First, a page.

If the 510(k) clearance program for medical devices is the kind of thing that keeps you up at night, the Food and Drug Administration wants to hear from you.
The federal watchdog agency is planning a public meeting Feb. 18 to discuss the program, ahead of internal and external reviews of the process by which some 3,000 medical devices — the majority of the medical device clearance applications submitted to the FDA — are approved each year.
The 510(k) process is under scrutiny from within and without the agency, which is conducting its own review along with a $1.3 million, FDA-commissioned report from the Institute of Medicine. The public comment hearing will play a role in both reviews, according to an FDA press release.
Jeffrey Shuren, who recently had the “interim” tag removed from his title as director of the FDA’s Center for Devices and Radiological Health, said it’s been more than 30 years since the pre-market clearance program’s inception under the Medical Device Amendments of 1976.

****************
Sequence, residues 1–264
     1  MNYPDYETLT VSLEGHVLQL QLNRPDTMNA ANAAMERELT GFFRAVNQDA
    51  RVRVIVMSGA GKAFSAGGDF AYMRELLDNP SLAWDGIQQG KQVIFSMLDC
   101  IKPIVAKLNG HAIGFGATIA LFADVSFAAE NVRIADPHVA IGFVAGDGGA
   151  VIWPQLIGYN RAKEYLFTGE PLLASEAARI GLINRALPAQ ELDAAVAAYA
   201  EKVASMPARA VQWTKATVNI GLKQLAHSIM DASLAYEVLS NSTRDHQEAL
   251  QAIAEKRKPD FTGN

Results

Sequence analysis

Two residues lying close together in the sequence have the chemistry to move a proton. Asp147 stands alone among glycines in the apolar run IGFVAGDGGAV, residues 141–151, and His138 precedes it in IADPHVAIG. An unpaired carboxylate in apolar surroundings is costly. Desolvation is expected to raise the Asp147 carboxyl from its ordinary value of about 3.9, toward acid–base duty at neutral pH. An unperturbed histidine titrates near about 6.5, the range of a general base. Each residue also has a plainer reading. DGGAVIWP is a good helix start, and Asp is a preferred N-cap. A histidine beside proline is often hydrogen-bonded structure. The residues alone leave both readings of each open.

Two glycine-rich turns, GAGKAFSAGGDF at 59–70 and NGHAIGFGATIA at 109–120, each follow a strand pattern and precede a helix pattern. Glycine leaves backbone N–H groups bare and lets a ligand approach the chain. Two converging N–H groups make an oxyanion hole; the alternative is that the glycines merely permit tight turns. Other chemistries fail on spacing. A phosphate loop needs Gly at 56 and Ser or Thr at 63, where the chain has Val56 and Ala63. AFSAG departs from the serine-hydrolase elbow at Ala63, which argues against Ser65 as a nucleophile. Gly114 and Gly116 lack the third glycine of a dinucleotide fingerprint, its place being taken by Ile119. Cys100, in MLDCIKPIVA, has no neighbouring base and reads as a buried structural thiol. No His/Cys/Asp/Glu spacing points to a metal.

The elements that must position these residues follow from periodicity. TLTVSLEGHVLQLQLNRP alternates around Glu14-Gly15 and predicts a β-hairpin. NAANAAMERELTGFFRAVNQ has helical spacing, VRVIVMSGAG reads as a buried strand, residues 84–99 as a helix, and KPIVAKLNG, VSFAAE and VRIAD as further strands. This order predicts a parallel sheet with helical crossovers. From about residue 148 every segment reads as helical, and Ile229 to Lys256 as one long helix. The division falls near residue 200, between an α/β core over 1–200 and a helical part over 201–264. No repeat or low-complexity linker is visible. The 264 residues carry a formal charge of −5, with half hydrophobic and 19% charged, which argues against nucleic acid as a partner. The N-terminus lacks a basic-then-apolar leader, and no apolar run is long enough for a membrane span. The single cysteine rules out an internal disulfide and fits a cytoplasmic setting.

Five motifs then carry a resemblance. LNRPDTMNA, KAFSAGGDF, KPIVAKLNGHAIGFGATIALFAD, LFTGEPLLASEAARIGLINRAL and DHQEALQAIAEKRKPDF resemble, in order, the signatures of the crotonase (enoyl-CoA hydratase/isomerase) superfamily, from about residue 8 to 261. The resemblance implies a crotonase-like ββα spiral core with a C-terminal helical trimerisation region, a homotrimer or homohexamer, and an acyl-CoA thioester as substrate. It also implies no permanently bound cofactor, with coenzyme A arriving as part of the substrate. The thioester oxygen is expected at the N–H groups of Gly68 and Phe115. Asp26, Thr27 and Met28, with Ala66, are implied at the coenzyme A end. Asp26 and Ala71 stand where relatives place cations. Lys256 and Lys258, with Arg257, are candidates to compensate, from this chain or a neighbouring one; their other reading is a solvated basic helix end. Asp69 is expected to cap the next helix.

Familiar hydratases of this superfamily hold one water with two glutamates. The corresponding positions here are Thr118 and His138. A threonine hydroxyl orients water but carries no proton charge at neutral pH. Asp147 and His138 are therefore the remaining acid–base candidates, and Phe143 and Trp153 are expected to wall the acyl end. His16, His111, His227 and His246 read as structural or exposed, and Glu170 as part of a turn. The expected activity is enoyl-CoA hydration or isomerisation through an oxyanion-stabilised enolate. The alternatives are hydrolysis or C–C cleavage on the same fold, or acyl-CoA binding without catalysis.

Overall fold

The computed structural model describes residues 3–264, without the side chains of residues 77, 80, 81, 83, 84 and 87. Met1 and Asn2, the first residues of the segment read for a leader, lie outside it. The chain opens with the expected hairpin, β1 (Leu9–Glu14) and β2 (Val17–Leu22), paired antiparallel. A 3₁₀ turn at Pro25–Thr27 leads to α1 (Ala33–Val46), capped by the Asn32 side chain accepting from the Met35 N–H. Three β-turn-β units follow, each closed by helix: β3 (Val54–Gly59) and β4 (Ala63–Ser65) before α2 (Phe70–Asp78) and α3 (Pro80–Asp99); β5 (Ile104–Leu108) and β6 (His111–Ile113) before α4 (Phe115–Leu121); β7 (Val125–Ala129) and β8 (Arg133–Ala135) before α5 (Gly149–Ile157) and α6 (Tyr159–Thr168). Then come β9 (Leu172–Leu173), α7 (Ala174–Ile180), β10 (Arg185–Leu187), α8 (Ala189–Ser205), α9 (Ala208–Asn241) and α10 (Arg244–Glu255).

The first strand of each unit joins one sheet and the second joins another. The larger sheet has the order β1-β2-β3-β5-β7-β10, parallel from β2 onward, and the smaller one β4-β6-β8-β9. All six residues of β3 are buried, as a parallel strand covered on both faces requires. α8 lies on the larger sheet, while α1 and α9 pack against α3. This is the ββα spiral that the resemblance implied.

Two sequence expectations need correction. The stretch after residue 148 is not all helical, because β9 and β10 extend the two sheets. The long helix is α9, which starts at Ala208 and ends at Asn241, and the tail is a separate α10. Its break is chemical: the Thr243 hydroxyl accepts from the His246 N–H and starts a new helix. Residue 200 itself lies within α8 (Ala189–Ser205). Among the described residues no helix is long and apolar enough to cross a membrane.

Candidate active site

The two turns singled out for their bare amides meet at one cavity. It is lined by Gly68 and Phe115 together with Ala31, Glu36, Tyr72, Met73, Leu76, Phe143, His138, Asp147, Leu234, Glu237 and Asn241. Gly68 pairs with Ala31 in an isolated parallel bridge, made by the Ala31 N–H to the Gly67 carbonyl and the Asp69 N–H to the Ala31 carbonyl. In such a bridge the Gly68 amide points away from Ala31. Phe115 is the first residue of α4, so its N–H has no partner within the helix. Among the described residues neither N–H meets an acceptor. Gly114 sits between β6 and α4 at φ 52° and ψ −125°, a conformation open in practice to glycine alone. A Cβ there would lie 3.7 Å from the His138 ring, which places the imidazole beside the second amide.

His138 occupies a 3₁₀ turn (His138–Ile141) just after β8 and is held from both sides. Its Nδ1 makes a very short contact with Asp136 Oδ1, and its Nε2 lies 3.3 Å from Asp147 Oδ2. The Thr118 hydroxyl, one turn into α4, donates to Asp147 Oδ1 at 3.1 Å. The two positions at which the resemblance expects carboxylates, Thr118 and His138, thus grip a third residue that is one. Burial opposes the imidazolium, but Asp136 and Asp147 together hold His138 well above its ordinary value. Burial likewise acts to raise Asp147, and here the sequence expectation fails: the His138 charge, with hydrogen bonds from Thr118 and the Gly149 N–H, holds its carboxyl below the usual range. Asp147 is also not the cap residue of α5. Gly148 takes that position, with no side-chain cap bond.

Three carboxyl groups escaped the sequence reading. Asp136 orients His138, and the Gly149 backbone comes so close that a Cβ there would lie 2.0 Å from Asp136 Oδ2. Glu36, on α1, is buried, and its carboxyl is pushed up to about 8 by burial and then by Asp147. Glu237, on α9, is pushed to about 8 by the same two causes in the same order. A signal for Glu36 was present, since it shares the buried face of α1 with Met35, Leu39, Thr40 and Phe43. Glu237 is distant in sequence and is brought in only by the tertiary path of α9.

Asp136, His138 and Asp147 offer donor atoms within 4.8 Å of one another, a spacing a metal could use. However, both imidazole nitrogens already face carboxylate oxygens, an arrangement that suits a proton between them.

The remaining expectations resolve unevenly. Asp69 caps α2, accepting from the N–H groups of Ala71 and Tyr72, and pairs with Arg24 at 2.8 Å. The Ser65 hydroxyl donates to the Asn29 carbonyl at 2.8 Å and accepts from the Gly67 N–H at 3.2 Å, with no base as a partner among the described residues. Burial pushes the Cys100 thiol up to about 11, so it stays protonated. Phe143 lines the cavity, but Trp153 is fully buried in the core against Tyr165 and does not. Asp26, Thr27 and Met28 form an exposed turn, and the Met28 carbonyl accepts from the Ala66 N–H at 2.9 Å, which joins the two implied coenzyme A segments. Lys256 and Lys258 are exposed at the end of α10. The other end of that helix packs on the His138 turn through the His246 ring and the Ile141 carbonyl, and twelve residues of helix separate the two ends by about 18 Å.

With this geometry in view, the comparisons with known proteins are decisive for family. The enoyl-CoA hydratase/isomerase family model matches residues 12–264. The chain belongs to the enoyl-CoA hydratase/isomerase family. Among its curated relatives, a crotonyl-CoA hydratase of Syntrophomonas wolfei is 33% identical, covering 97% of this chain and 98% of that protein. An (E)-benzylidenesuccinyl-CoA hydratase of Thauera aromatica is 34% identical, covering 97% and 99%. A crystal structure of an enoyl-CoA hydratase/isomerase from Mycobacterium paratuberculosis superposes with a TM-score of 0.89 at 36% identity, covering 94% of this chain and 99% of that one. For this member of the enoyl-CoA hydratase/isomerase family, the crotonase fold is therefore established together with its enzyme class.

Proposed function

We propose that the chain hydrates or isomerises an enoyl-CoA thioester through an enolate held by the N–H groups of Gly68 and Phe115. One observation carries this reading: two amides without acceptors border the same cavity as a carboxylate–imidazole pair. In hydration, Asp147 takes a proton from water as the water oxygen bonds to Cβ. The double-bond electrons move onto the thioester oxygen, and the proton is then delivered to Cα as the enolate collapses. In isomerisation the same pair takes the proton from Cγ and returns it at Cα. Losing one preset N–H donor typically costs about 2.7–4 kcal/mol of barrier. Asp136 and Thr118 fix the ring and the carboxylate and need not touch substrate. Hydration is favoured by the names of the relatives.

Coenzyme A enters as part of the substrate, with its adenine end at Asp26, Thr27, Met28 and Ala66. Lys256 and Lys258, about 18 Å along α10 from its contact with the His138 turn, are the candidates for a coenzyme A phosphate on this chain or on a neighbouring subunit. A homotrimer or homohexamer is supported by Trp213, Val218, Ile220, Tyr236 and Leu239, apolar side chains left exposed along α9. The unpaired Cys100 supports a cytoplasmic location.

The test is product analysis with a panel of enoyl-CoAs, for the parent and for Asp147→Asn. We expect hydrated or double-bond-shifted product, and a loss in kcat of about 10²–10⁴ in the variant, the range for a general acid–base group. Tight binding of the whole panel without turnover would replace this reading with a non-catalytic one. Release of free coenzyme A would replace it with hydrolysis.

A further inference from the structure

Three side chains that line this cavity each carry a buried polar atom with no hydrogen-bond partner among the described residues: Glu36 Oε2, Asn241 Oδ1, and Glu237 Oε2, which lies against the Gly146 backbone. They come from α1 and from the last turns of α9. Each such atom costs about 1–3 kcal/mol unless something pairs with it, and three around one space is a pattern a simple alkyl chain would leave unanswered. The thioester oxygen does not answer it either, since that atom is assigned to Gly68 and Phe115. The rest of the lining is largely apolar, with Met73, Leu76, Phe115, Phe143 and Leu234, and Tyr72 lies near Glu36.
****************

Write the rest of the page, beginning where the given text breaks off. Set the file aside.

"We are looking forward to hearing from the public on issues related to this program to help us improve it,” Shuren said.
The 510(k) program relies on so-called "predicate devices," or products the agency has already cleared. Device makers must prove that their new device is an advancement on similar devices the agency has already approved for market. Devices that are radically different must undergo the more rigorous, and expensive, PMA (pre-market approval) process.
The Feb. 18 meeting, slated for 8 a.m. to 5:30 p.m. in Gaithersburg, Md., will consist of four reviews of issues concerning the 510(k) process, each followed by are public comment period: predicate devices; new technologies and scientific evidence; the high volume of submissions; and post-market surveillance and reporting. The meeting, webcast live at http://www.ConnectLive.com/events/fda021810, will close with a "public roundtable discussion between FDA staff and selected participants representing a range of constituencies," according to the press release.